Tuesday 12 March
            Euro area
            Germany. Inflation in February should be confirmed as having dropped at the national level, to  1.5% y/y from 1.7% y/y the previous month, with the harmonised rate down to 1.8% y/y  from 1.9% y/y. German inflation is expected to slow further in the months ahead, but to rise  back in second half of the year. Inflation is forecast to average 1.9% in the year, vs. 2.1% in  2012.

            Wednesday 13 March
            Euro area

            Industrial production  is estimated to have increased by +0.2% m/m in January, following the  surprise surge at the end of 2012 (+0.7% m/m). For the time being the recovery is proving  modest, in line with confidence surveys. If confirmed, the January rate would leave output on  course for a stabilisation in March, as opposed to a -2.4% q/q drop at the end of 2012.

            The Inflation should climb back in February by two tenths, to 1.4% from a 1.2% y/y the  previous month, due to the energy component and to seasonal effects. In the month, consumer  prices are estimated to have risen by +0.6% m/m. Harmonised inflation is forecast at 1.5%,  from a previous rate of 1.4%. Inflation should stay close to the levels estimated for February, and subsequently rise back towards the end of 2013.

            United States

            Import prices  in February are expected to have increased by 0.6% m/m, driven by higher oil  prices for the second month in a row. Net of oil, import prices should record a limited rise, of  0.1% m/m. In February, and even more so in March, import prices should moderate as a result  of the appreciation of the exchange rate.

            February retail sales are expected to be up by +0.7% m/m in terms of the total aggregate, and  by 0.6% m/m net of the auto component. In February, motor vehicle sales increased compared  to the previous month, rising from 15.2 million units ann. to 15.3 million (+0.7% m/m): the  industry is estimated to make a positive contribution to overall sales. Data should record a sharp  increase in the gasoline item, due to higher prices, although an overall improvement in spending  is expected following the slowdown in January (+0.1% m/m), due to the negative impact of the  tax hikes enforced at the beginning of 2013. The indications provided by weekly sales data are  mixed, with the Redbook index pointing to a +1.3% m/m increase, and the ICSC index only just  in positive territory at +0.1% m/m. Beyond monthly volatility, the underlying picture is improving  on the whole: consistently recovering home prices and stock market indices, while interest rates  stay at historically low levels, have positive implications on the net wealth of households and on  the spending trend. In real terms, retail sales  should show a moderate increase (+0.2% m/m),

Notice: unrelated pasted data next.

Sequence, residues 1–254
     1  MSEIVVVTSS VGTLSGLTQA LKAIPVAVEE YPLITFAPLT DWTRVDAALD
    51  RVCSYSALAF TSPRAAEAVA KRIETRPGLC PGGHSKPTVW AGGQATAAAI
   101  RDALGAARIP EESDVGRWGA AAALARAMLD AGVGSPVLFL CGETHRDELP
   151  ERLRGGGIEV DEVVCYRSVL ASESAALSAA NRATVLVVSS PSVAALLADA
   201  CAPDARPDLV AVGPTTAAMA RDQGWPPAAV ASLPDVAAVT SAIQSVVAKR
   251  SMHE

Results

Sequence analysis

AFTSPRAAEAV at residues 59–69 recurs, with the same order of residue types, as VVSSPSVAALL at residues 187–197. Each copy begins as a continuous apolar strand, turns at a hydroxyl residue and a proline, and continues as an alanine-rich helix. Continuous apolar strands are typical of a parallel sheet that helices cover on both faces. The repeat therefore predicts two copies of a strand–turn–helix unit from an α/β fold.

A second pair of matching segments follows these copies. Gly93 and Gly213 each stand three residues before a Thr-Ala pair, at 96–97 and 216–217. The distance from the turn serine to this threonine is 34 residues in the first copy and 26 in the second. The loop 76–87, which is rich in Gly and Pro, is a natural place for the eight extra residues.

and the CPI is forecast to rise by 0.5% m/m.

            Thursday 14 March
            United States

            The February PPI  is estimated to be up by 0.6% m/m (1.6% y/y), pricing in the rise in energy  prices at the end of January, not included in the January survey. The core index is forecast to  increase by 0.2% m/m (1.8% y/y), just above the trend of between 0.1% and 0.2% m/m  observed since mid-2012. February should bring a modest rebound in auto prices, that were  especially weak in January. There are no indications of an acceleration in producer prices, even in  light of the manufacturing sectors survey, which show only a marginal increase in prices  received.